By Marián Hens
Cartagena de Indias, Colombia
After 27 years of total stagnation, tourism is starting to flourish in Colombia again.
Now the country is safer, Colombia is trying to highlight its attractions
Marred for decades by drugs, lawlessness and Latin America's longest-running guerrilla war, Colombia's tourism industry is now awakening fast, and turning the country into a new hot-spot for travellers.
In historical Cartagena, Colombia's crown jewel on the Caribbean, business is booming.
Around the old city, handicraft shop-owners, jewellers and coachmen are more boisterous than ever.
Cruise ships have resumed docking in the colonial port, sending a clear signal abroad that, while there is still a great deal of violence in the country, parts of it are safe enough to visit.
Royal Caribbean Cruise Lines has returned to Cartagena after a 5 year absence.
"The number of tourists has clearly grown over the last couple of years and that's all to do with improved security", says Luis Caballero an emerald trader who owns a business in the heart of the city.
Overall foreign tourist visits to Colombia are expected to be up from half a million four years ago to 1.3 million for 2007.
The country is currently receiving more than $2bn (£967m) of foreign exchange through tourism.
'Travelling is safe'
Andrés Delgado and Erika Bruges, a couple who run eco-tours in La Guajira, an indigenous region in the north, say President Alvaro Uribe's policies have made all the difference.
"Travelling is now safe in wide swathes of the country."
"Soldiers monitor security in roads and highways, and we Colombians are really enjoying this new freedom of movement," they add.
Many here credit President Uribe's tough stance on terror for the improvements.
Figures are on his side too; since he took office in 2002, kidnappings have dropped 73%, murders are down by more than 35% and urban crime rates have plummeted.
"This country has moved from terrorism to tourism", Uribe recently told delegates of the United Nations World Tourism Organisation (UNWTO) gathered in Cartagena for their General Assembly.
"It is a great joy to see that the tourists are back."
The UNWTO also delivered a clear message through his Secretary General, Francesco Frangialli, that Colombia now offers a safer and more stable environment.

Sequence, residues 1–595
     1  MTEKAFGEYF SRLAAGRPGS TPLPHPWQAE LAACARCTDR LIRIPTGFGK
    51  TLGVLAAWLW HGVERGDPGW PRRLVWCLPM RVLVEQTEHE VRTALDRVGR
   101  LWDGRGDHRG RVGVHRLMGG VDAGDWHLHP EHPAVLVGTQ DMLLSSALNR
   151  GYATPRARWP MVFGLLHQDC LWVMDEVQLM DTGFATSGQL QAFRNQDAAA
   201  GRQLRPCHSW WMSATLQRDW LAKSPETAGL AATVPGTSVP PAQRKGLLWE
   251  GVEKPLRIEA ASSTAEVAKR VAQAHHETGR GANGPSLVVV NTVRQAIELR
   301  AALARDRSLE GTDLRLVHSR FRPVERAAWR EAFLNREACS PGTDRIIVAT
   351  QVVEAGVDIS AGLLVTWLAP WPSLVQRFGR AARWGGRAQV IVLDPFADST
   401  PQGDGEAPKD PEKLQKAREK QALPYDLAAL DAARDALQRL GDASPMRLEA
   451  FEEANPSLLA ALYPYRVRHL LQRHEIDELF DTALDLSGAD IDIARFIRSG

"Colombia has to be seen by visitors as a normal destination where people have a normal life", he told the BBC at the closing of the Assembly.
But replacing conventional perceptions of Colombia is not that simple.
Despite the growth of visits, Uribe's government is aware that in many parts of the world, Colombia still means narco-terrorism.
"Colombia's image remains one of the stumbling blocks for the development of our tourist industry," Luis Plata, Colombian Minister of Tourism told the BBC.
The country is using the slogan "Colombia is passion"
"Together with the travel warnings issued by most countries on Colombia, these are two of our main challenges".
Under the slogan, "Colombia, the only risk is wanting to stay" and an annual promotional budget of over $4m, the Tourism Ministry has just embarked on a campaign to improve the international picture of Colombia.
The country is also attempting to rebrand itself with the motto "Colombia is passion", a sentiment aimed as much at its citizens as visitors.
The authorities are also pushing to stimulate investment in infrastructure by offering fiscal benefits to the private sector such as a tax-free period of 30 years for the establishment of new hotels and the permanent waving of taxes for eco-tourism initiatives.
The impact of tourism growth on the Colombian economy is already making a mark.
Unemployment is down from 20% four years ago to 10.6% this year.
In popular vacation destinations such as Cartagena, that impact has been even higher, particularly on the city's large Afro-Colombian population that lives under the poverty line.
"We are facing many challenges," says Minister Plata.
"Infrastructures are poor and scarce, and we need to improve international connections, especially air travel."
But he adds that the government is determined to push ahead with an industry that has proved to be a great tool to fight poverty.
"Tourism demands a lot of labour and not necessarily the most qualified labour. It has tremendous social impact," he says.
In the past, Colombia has not been a traditional hot tourist destinations even for the most intrepid travellers.
And that might become its strongest selling point.